The first stage of the project, entitled ‘origin’, consisted of creating 10 ceramic vessels (with the help of ceramist Roberto Guevara). For Santana, the vessel is a metaphor for the female uterus, and also a utilitarian instrument used by women since ancient times, so there was no doubt what symbol to use to represent the purely feminine. ‘As in Coubert’s painting’, she said.
The second stage, ‘rupture’, involved working directly with the women, all guided by the psychologists mentioned above, also women. In it, Santana gave a lecture about wabi-sabi, ‘the Japanese philosophy that looks for beauty in the imperfection of things’. She watched some videos with the women and presented a small collection of artworks that showed the possibilities of working with accidents as aesthetic values. Later on, she made them participate in group dynamics that conveyed the message that even though a piece of art can seem ruined when something unplanned happens to it, one can transmute the experience and make the most of it by accepting the change and carrying on. This mindset was then applied, of course, to their own survival stories.
Then, the rupture of the vessels happened. Santana recalls,
It was a very emotional moment, they were all holding their pieces while the other was breaking hers and the idea was that they placed it at the height of their hearts and that they only let them go. Crash! They were not violent fractures (…). The rupture sound, as we were doing it all in a room that had tiles on the floor, was so loud that it was painful to us all.
And not only that, the most painful aspect of the project was reliving the moment of the sinister attacks, because it was as if these women were actually breaking themselves once again.
It’s important to mention that these women didn’t know each other until Santana’s ‘psychoart’ workshop took place, but the process bonded them all together. They walked their own paths overcoming all sort of difficulties to be together in that very room. Surely meeting someone who understands everything that you’ve gone through in such a terrifying situation, without judging you or questioning the reasons why you made such and such decision, must be soothing, even empowering.
The final stage of Santana’s project, ‘resilience’, involves kintsugi — a Japanese technique to restore broken pieces of pottery with resin and gold dust. As Santana comes from a family of ceramists, she has been able to figure out how to work the technic by herself. She has chosen to document the whole process sonically at the Women’s Justice Centre Jalisco, while Roxana Anaya, a Mexican filmmaker that has also been awarded by FONCA during the same period, has been making visual documentation of Santana’s project. And so, the rupturing sounds of each piece will be heard at the moment that the public interact with any them: people will hear the particular sound of a piece’s own rupture just by putting their hands close to it.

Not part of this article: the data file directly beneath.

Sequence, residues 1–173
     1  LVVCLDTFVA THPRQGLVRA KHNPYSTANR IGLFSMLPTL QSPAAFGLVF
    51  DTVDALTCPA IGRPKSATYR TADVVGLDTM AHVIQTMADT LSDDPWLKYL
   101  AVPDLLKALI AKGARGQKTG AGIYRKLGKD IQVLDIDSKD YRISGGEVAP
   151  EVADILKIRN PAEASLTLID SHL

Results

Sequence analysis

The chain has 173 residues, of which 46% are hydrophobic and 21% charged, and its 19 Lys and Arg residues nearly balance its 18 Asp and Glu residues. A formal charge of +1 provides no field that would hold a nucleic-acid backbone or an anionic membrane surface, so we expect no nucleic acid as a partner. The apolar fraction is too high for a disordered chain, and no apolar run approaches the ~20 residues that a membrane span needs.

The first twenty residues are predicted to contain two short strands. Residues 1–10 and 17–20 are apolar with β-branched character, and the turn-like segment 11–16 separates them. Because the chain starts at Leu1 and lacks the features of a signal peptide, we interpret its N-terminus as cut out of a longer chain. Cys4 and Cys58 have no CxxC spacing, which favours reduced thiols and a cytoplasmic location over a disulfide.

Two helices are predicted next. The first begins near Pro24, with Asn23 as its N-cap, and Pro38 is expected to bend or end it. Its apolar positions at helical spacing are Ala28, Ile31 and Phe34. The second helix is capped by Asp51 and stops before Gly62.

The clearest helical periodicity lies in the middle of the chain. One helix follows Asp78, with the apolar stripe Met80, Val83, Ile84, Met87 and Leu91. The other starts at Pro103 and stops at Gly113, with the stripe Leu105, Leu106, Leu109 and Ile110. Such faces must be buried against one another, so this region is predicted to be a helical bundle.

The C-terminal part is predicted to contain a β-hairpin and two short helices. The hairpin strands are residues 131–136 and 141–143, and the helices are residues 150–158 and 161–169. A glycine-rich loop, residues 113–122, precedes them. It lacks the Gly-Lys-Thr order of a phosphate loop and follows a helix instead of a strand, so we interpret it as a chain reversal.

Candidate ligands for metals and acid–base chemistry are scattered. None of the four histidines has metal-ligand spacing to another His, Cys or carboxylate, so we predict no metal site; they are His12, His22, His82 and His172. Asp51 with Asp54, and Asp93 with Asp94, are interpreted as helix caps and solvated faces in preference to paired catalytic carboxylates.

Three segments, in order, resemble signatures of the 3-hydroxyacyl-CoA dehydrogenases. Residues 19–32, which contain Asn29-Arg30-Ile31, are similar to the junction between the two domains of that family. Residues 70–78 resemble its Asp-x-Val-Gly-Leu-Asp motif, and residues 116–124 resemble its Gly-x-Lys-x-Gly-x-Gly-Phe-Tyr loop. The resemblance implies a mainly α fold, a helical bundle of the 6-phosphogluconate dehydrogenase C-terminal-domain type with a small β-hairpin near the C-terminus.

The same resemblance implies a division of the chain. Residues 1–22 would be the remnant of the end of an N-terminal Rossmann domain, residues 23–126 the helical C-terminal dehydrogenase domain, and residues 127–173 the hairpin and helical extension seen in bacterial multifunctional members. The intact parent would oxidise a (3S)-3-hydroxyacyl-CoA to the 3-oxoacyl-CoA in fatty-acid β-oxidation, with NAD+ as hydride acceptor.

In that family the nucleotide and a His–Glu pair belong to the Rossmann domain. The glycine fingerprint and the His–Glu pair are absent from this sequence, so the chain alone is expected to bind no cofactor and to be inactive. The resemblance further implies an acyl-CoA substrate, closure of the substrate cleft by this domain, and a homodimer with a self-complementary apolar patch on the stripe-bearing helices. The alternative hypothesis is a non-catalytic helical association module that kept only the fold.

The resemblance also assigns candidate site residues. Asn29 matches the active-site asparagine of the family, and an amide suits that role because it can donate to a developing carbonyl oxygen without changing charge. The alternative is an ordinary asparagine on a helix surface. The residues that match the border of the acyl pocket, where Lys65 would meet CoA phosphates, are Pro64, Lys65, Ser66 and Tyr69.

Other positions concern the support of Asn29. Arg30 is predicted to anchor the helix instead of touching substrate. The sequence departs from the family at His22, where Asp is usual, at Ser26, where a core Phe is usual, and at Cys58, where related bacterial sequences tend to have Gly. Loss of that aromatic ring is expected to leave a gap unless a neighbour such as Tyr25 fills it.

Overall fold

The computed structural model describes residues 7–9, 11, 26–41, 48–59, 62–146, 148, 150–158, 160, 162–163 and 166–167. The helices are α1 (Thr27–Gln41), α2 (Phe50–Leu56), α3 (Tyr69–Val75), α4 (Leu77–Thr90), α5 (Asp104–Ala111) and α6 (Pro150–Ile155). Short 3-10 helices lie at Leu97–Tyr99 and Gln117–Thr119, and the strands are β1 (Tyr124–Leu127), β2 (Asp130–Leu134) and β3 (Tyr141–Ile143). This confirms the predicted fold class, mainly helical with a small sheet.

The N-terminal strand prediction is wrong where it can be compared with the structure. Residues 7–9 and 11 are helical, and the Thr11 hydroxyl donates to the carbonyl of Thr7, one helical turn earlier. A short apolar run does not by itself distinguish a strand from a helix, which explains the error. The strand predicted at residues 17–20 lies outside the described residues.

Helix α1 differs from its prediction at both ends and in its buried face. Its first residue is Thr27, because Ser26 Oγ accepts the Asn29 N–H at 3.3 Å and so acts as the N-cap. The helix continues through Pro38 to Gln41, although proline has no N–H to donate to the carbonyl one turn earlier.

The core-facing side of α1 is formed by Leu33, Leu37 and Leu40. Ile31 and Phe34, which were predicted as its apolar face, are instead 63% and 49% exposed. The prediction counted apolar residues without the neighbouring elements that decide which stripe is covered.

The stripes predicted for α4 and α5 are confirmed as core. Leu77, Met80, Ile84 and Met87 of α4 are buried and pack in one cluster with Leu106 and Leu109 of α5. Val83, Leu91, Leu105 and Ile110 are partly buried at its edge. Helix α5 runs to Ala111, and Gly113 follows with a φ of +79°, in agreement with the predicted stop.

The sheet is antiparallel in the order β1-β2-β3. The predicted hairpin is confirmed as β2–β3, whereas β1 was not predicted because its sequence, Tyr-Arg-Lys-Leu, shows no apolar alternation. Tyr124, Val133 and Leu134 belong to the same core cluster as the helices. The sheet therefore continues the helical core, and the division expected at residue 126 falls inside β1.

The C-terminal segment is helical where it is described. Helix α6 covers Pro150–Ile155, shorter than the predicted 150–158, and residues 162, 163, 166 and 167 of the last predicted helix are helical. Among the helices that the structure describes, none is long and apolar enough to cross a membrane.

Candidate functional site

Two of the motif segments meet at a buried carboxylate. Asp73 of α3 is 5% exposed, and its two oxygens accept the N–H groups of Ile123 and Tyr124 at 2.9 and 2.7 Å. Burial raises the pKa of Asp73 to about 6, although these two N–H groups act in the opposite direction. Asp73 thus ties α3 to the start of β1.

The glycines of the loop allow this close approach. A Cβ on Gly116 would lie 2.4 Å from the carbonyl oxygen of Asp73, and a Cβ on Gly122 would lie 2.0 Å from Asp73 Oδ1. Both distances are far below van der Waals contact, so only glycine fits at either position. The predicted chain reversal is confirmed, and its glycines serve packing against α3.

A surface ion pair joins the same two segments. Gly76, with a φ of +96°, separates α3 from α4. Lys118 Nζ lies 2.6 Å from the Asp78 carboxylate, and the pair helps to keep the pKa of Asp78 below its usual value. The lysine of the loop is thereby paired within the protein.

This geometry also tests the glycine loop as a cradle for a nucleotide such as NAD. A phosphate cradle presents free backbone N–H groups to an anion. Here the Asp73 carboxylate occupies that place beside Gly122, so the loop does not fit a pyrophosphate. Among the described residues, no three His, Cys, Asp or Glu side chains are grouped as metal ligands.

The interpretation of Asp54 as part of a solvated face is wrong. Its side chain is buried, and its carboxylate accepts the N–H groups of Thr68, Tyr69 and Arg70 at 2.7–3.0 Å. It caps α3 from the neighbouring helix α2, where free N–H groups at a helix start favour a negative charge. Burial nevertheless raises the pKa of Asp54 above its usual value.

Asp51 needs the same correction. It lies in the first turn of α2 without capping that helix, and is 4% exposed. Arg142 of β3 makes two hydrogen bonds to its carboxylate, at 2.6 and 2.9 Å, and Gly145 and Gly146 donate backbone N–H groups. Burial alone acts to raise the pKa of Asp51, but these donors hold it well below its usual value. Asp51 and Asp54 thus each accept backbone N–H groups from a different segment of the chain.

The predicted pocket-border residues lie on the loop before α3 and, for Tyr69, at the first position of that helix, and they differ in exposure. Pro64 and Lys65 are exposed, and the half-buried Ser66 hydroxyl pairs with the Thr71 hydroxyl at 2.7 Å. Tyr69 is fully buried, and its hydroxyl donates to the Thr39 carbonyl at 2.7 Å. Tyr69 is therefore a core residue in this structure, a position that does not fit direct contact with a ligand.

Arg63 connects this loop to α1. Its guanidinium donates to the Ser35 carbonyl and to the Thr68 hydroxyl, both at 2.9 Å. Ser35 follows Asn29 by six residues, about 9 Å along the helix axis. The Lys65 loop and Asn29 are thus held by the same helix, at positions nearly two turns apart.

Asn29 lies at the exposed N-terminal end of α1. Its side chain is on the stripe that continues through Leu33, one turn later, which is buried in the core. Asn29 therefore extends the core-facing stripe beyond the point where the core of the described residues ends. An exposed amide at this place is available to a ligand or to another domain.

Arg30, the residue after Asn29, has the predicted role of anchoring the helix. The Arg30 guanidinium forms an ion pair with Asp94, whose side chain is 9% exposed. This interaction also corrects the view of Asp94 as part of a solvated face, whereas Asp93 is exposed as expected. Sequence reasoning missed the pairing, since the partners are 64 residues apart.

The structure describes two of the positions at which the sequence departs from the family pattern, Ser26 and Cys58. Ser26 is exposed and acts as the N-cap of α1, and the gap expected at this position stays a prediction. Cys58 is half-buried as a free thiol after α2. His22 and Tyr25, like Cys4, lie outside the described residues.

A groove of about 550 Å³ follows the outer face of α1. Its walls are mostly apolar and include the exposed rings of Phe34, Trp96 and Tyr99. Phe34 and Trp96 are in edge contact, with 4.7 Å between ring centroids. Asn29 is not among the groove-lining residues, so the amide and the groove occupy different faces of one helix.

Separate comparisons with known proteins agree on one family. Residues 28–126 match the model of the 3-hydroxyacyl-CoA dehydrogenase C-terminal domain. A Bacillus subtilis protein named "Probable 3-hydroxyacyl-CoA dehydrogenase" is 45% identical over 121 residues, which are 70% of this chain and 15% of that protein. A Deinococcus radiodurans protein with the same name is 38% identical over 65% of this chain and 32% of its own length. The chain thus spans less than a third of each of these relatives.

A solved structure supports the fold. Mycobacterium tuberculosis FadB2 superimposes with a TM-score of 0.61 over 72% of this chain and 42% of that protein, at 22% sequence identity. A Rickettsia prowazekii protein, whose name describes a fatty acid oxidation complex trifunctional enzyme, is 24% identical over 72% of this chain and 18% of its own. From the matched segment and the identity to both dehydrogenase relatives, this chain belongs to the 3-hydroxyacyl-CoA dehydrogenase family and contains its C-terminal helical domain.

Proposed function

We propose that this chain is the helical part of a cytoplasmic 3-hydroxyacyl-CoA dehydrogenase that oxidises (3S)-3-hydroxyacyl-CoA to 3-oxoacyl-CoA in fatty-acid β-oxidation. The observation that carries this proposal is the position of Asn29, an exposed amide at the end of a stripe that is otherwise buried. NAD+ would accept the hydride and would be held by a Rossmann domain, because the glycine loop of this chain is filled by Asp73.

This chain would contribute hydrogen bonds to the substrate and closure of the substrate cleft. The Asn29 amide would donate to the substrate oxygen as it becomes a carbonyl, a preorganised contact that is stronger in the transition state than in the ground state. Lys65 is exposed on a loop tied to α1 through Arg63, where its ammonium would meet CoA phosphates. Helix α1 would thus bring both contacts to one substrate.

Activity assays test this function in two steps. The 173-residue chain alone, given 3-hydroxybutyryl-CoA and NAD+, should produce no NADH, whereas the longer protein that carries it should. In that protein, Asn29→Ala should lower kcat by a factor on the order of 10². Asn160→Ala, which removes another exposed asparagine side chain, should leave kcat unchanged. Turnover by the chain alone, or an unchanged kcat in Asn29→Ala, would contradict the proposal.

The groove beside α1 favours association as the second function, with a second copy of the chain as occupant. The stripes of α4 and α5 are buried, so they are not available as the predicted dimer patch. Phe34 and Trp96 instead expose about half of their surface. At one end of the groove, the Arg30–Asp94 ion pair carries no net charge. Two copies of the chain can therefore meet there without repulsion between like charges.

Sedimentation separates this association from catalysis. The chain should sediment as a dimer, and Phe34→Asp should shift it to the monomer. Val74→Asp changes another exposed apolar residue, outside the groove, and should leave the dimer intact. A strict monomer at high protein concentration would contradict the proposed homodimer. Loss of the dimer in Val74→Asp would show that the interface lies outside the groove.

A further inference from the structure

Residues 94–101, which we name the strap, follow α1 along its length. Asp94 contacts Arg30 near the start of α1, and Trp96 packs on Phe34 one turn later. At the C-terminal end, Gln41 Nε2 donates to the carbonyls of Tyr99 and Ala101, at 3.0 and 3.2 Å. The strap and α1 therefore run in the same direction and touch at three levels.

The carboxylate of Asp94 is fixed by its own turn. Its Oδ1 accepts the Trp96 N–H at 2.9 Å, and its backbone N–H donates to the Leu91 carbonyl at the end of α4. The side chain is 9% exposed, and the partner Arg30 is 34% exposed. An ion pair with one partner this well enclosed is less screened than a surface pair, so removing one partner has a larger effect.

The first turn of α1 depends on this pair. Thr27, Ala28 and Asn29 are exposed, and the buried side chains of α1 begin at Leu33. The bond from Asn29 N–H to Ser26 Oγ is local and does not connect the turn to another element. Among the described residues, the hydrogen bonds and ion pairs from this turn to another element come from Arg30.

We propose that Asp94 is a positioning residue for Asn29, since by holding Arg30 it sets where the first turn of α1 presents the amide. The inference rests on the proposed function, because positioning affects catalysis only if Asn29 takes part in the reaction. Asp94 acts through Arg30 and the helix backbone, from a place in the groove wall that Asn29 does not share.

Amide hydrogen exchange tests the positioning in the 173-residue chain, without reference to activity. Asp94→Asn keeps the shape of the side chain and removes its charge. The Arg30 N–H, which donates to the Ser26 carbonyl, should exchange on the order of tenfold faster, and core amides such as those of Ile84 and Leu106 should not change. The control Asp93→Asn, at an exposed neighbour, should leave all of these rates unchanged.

At this moment, Santana is putting the final touches on the pieces and preparing for the shows in which the pieces will be exhibited. The first public showing will be held at her workshop/studio in Guadalajara (Mexico) before the end of July; the second will take place in Chur (Switzerland) in August; and the third, which will happen by the end of the year, will be the touring show organised by FONCA.
Resiliencia is a very timely project that represents one of the most painful wounds of Mexican contemporary life. Santana’s cathartic, provocative project not only uncovers this wound, it metaphorically pours lemon, salt and chilli powder into it. It is a piece with a strong social message that goes beyond merely aestheticising such painful and traumatic experiences. Like the scream that makes your throat soar but gives you a sense of relief in the end, what could be better for bringing attention to and healing this problem than for a group of women to scream together, in sisterhood? Screaming for change, for the women who are gone, the ones that are still here, and the ones to come.